• 4 oz very thinly sliced Duck Prosciutto
  • Fresh herbs for garnish (optional)
  • 1/4 cup extra virgin olive oil
  • 2 garlic cloves, peeled and smashed
  • 1 tsp fresh thyme
  • 1 tsp fresh rosemary
  • Peel of half a lemon, cut into thin strips
  • 10 oz large cracked green olives

Heat the olive oil, garlic, herbs and lemon peel in a medium pan over low heat for 2 – 3 minutes. Add the olives, stir to coat and continue to heat for another 2 – 3 minutes. Remove from the heat and set aside to cool. Place in a jar, cover tightly and refrigerate for at least a day.

Take the olives from the refrigerator an hour or two before serving and allow to come to room temperature. Drain the olives, place them on a serving plate, and drape with a thin slice of duck prosciutto. Finish with a drizzle of the olive oil marinade and a sprig of fresh herbs.


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Chive Mini Biscuits with Duck Prosciutto

Chive Mini Biscuits with Duck Prosciutto

Country ham with biscuits is part of a traditional holiday meal in many parts of the US. Why not add an extra special touch by using these easy-to-make ahead mini biscuits with a slice of deliciously chewy duck prosciutto? The resulting flavors are just so darn good that you’ll want to make this a regular part of your holiday tradition.


  • 4 oz Duck Prosciutto, thinly sliced
  • 2 cups all-purpose flour
  • 1 Tbsp baking powder
  • 1-1/2 tsp baking soda
  • 1/2 tsp salt
  • 1/4 cup unsalted butter, plus additional for brushing
  • 1 cup buttermilk
  • 1 Tbsp thinly sliced fresh chives


Sift the flour, salt, baking powder and baking soda together into a large bowl. Using a pastry cutter or two knives, “cut in” the butter until it’s the size of a grain of rice. Do not cut the butter too finely.

Add the sliced chives and gently stir in just enough buttermilk to make the dry ingredients adhere into a soft ball of dough. Do not mix any more than absolutely necessary. Don’t worry if the dough is not completely homogeneous – the kneading with take care of any lumps.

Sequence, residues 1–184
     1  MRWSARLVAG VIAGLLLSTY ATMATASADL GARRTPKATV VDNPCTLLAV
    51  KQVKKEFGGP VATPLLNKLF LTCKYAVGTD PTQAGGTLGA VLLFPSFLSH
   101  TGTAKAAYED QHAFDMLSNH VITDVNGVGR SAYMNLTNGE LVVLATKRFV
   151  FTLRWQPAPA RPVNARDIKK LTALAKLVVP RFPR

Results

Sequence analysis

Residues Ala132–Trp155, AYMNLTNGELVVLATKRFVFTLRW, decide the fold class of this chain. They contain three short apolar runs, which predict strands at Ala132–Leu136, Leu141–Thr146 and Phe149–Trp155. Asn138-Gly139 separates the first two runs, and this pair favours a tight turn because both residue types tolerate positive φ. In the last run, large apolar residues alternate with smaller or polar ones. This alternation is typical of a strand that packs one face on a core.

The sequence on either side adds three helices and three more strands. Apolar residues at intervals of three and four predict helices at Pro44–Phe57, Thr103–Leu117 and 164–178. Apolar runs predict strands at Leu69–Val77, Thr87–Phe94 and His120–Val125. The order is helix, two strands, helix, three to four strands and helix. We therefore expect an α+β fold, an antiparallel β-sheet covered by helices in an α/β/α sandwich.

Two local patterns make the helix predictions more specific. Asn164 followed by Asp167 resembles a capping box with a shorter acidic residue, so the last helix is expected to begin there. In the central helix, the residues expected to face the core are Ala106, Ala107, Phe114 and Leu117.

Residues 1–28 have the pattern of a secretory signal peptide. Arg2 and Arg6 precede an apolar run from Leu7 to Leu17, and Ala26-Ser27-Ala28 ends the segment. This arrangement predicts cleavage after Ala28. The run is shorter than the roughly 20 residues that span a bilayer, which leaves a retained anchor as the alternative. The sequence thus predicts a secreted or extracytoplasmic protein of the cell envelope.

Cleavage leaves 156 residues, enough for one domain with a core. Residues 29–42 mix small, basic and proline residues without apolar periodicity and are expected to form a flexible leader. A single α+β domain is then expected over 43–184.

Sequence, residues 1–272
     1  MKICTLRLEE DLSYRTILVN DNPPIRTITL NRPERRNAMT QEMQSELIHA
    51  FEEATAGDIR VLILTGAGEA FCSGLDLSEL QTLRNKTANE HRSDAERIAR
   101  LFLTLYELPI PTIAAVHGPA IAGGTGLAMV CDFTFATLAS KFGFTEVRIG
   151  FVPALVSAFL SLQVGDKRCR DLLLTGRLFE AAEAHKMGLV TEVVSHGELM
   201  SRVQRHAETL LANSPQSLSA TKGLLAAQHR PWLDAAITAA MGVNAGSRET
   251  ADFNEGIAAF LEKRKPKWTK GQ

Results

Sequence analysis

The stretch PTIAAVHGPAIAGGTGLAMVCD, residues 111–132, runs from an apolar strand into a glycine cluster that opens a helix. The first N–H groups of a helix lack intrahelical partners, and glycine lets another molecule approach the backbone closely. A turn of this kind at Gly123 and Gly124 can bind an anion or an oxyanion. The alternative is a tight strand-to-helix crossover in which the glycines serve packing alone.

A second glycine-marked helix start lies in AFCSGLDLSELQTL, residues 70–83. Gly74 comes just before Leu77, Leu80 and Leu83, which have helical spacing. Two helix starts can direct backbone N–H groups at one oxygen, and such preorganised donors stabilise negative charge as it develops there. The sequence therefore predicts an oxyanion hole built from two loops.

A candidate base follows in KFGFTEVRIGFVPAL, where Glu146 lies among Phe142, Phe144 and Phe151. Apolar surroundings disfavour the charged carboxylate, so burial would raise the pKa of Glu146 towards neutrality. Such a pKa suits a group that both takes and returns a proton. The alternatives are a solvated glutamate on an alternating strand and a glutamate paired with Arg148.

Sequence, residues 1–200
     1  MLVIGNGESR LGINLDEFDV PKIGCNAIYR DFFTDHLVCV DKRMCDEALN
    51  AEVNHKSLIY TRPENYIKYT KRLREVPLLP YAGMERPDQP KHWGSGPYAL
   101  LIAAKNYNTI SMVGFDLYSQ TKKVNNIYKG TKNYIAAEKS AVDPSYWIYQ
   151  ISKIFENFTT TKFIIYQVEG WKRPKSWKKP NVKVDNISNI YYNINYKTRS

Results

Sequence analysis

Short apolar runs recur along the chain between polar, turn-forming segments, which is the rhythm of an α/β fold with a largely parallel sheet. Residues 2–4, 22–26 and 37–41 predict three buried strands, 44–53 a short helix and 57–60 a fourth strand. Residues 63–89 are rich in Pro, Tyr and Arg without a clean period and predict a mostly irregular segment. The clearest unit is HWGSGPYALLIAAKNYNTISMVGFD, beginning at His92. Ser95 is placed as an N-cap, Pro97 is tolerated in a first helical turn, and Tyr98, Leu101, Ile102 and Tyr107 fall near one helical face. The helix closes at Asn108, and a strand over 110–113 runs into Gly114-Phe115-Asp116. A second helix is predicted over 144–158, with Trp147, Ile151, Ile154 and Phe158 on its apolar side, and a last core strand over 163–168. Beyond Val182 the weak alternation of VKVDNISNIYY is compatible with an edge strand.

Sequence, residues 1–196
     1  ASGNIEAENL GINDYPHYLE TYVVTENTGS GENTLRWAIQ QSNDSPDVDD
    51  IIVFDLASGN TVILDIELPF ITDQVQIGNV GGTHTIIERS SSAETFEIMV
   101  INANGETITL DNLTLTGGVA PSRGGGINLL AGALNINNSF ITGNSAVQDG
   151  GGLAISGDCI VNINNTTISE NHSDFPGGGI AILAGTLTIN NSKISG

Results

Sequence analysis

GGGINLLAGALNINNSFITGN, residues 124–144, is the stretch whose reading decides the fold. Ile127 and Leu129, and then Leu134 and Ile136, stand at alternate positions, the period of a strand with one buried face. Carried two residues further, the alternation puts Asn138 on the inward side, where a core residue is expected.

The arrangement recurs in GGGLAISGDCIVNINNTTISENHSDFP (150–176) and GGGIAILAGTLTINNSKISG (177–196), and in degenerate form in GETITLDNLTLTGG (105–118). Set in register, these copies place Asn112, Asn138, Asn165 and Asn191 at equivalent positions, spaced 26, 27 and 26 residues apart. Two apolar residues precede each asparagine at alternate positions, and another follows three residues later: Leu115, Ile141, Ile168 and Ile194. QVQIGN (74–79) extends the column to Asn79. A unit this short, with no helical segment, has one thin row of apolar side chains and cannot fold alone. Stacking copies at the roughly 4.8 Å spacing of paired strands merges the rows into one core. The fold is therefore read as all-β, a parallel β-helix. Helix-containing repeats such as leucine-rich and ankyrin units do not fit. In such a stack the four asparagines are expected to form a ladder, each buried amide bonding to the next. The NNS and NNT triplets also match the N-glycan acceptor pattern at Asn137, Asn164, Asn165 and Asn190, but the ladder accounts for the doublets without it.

Chive Mini Biscuits

Chive Mini Biscuits

Turn the dough out onto a well-floured surface. Dust your hands with flour and gently fold the dough on itself just until all the ingredients are evenly incorporated. Add a little flour to the kneading surface as you go if the dough is too sticky. Be careful not to overwork the dough.

Using a rolling pin well-dusted with flour, roll out the dough until about 3/4 inch thick. Cut the biscuits with a small biscuit cutter or 2 inch diameter tin can with both ends cut out. Do not use a glass or jar to cut the biscuits. It’s important to make sharp, clean cut if you want your biscuits to raise high and flaky and a glass will pinch the edges of the biscuits together.

When you have cut all the biscuits you can from the sheet of dough, gently knead the leftover portion back together into a mass. Again, roll the dough 3/4 inch thick and cut the remaining biscuits.

Lightly grease a baking sheet and arrange the cut biscuits spaced evenly on it, about 2 inches apart.

Preheat oven to 425 degrees.

Brush the tops of the raw biscuits with a little melted butter, if desired.

Place the biscuits into the pre-heated oven for 15-20 minutes or until golden brown.

Remove from the oven, allow to cool slightly and split, placing a thin slice of duck prosciutto in the middle of each biscuit. Serve warm or at room temperature.

Makes about 15 2-inch diameter biscuits


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Duck Prosciutto Butter

Duck Prosciutto Butter

Everything really is better with butter! If you think duck prosciutto is already rich enough, think again. Duck prosciutto butter couldn’t be simpler to make and it’s a great way to use any little bits of duck prosciutto left over when you’re done slicing it up . Amazingly delicious on just about anything.




Place the unsalted butter, duck prosciutto, a pinch of coarsely ground black pepper, smoked paprika and a few drops of black truffle oil, if using, into a food processor and pulse until well incorporated. Taste and add a little sea salt if desired.

This butter may be prepared in advance and held for up to a week in the refrigerator. Bring to room temperature before serving.


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3 comments on “Five Things to Do with Duck Prosciutto
    • If you love prosciutto, but don’t eat pork, then duck prosciutto is definitely for you! And thanks for you comments re the shishito pepper post. We love our work – everything you see pictured was devoured seconds after the photos were taken.